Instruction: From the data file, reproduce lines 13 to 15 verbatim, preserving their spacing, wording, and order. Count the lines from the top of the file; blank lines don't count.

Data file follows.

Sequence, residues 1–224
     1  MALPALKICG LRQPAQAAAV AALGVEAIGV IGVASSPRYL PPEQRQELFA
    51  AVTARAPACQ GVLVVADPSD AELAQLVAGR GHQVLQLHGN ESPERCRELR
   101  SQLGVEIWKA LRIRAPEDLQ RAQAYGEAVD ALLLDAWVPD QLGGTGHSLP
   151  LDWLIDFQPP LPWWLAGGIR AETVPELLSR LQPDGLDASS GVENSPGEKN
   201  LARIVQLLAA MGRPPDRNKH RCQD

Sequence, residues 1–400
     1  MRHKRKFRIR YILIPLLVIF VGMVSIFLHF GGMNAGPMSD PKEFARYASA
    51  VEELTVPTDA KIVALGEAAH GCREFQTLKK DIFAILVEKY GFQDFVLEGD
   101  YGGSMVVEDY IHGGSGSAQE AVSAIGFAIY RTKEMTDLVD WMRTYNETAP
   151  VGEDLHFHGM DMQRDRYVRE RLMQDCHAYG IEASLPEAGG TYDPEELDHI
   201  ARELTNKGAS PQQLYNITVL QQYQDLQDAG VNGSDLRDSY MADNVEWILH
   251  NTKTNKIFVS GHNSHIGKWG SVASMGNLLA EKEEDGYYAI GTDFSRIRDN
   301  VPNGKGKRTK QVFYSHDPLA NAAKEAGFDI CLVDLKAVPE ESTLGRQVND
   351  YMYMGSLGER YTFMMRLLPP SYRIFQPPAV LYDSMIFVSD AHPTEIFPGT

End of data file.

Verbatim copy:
   251  NTKTNKIFVS GHNSHIGKWG SVASMGNLLA EKEEDGYYAI GTDFSRIRDN
   301  VPNGKGKRTK QVFYSHDPLA NAAKEAGFDI CLVDLKAVPE ESTLGRQVND
   351  YMYMGSLGER YTFMMRLLPP SYRIFQPPAV LYDSMIFVSD AHPTEIFPGT